Accor's Rhys Challenger. Photo by Roderick Eime
Mercure Singapore Bugis General Manager, Rhys Challenger. Photo by Roderick Eime
Mercure Singapore Bugis General Manager, Rhys Challenger. Photo by Roderick Eime

By Roderick Eime in Singapore

Opening a hotel was always a goal for Mercure Singapore Bugis General Manager, Rhys Challenger. But was it everything he thought it would be?

HM follows up with Challenger after the momentous opening of Accor’s first hotel to bear the Mercure badge in Singapore.

“It’s a fantastic opportunity to open the first Mercure Hotel in Singapore,” the fit and spritely Challenger said to HM in August this year, just after his soft opening.

Now that the champagne corks have popped, Challenger is settling into the routine of running a busy 395 room hotel in one of the most prominent cities in Asia.

“As any GM would know, setting up a new build hotel has lots of unexpected challenges and hurdles to overcome,” says Challenger candidly, “and, as a franchise operation, there is a whole other layer of factors to consider.”

What used to be the ‘70s-era, 7-storeyMidlink Shopping Plaza on busy Middle Road is owned by the massive Nanshan Group of China who have numerous interests around the world including metals, textiles, tourism and education. Metro Global provide management, while Accor’s powerful branding and distribution drive the revenue.

“Even though I have been with Accor for many years building my knowledge of running hotels, including working the past three and a half years at the Novotel Singapore Clarke Quay, I needed to learn and display a whole new skill set, there was still plenty to learn,” says Challenger.

“As anyone who has recruited for hotels in Singapore will know, meeting the required employment quota and still retain quality staff can be difficult.”

Singapore requires that for every six to seven Singaporeans we can then only hire three to four foreigners, or 40 per cent. Calculating the quota and meeting it is a challenge every hotelier in the city mentions. Singaporeans complain that foreigners are taking jobs [source] while hoteliers lament the lack of qualified candidates in the hospitality sector.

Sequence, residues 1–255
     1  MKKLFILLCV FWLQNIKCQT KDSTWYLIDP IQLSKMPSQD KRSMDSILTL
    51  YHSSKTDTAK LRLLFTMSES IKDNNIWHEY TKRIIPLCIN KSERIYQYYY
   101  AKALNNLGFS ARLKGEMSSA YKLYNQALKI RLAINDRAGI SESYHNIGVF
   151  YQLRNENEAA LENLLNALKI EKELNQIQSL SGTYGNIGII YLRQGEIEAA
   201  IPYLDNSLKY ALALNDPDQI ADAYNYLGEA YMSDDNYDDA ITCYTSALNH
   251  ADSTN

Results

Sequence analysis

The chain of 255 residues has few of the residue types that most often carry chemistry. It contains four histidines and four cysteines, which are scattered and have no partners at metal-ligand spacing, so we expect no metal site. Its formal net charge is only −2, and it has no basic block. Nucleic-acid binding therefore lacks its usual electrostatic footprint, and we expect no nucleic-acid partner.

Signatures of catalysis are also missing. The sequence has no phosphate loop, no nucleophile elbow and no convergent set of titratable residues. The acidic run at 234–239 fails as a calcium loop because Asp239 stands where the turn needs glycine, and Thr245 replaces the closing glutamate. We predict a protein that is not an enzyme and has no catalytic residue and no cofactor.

“To solve this issue, we (Accor) are building relationships with local education institutes like Nanyang Polytechnic to supply trainee hospitality professionals to overcome the lack of manpower in Singapore. This is helping both the institutes and the hotels enormously. A nice win-win.

“To open we had to find 150 staff across front office, F&B, engineering, reservations and sales. This proved quite a task but were helped by the support of the other Accor hotels in Singapore.

“The other eye-opener was keeping the standard of finish up to international 4-star standards. We had a deadline to meet, and getting the construction team to share my quality values within the timeframe was extremely frustrating. Remembering that most of the construction workers here are from all over Asia including Bangladesh, Malaysia, China, India… Singaporeans tend to want to work in the banking, finance and medical sectors, not in hospitality.

“But we did it and managed to meet the owners’ expectations and open on time!” he says.

Challenger breathes deeply at this point while surveying the sparkling lobby, adorned with renderings of his many personal totems, including the nine metre Italian marble wall, or the beautiful Peranakan tiles throughout the hotel. The frogs and the stingray sculptures are his favourites.

During the rest of our time chatting, we view other features of the hotel.

“The gym (on level 7, the former rooftop) is ‘petite’ but it’s well used and we managed to get these high spec treadmills with internet and TV features,” he says.

“So even though I may not have had all the space I wanted, I made sure we had the best equipment installed. And the 25 metre infinity swimming pool is also special. I’m very pleased with this feature to my hotel.”

We inspect the rooftop event space, the restaurant (sauces and several room types. The hotel also boasts a club lounge for the VIP guests including Accor’s Le Club loyalty program.

“Of course, every GM wants bigger rooms, but this is Singapore and space is a premium,” Challenger says.

The rooms range in size from the standard at 15sqm to the impressive suites at 55sqm, and Challenger is pleased he was able to convince the owners to purchase a much “higher quality level” of bedding and that’s a decision I must commend. As a finicky sleeper myself, I welcomed the quality mattresses.

“Now all I have to do is match the occupancy at the Novotel when I was there, which was 94 per cent,” he says.

And Challenger is off to a great start, already turning profit just two months after opening.

James Wilkinson

Editor-In-Chief, Hotel Management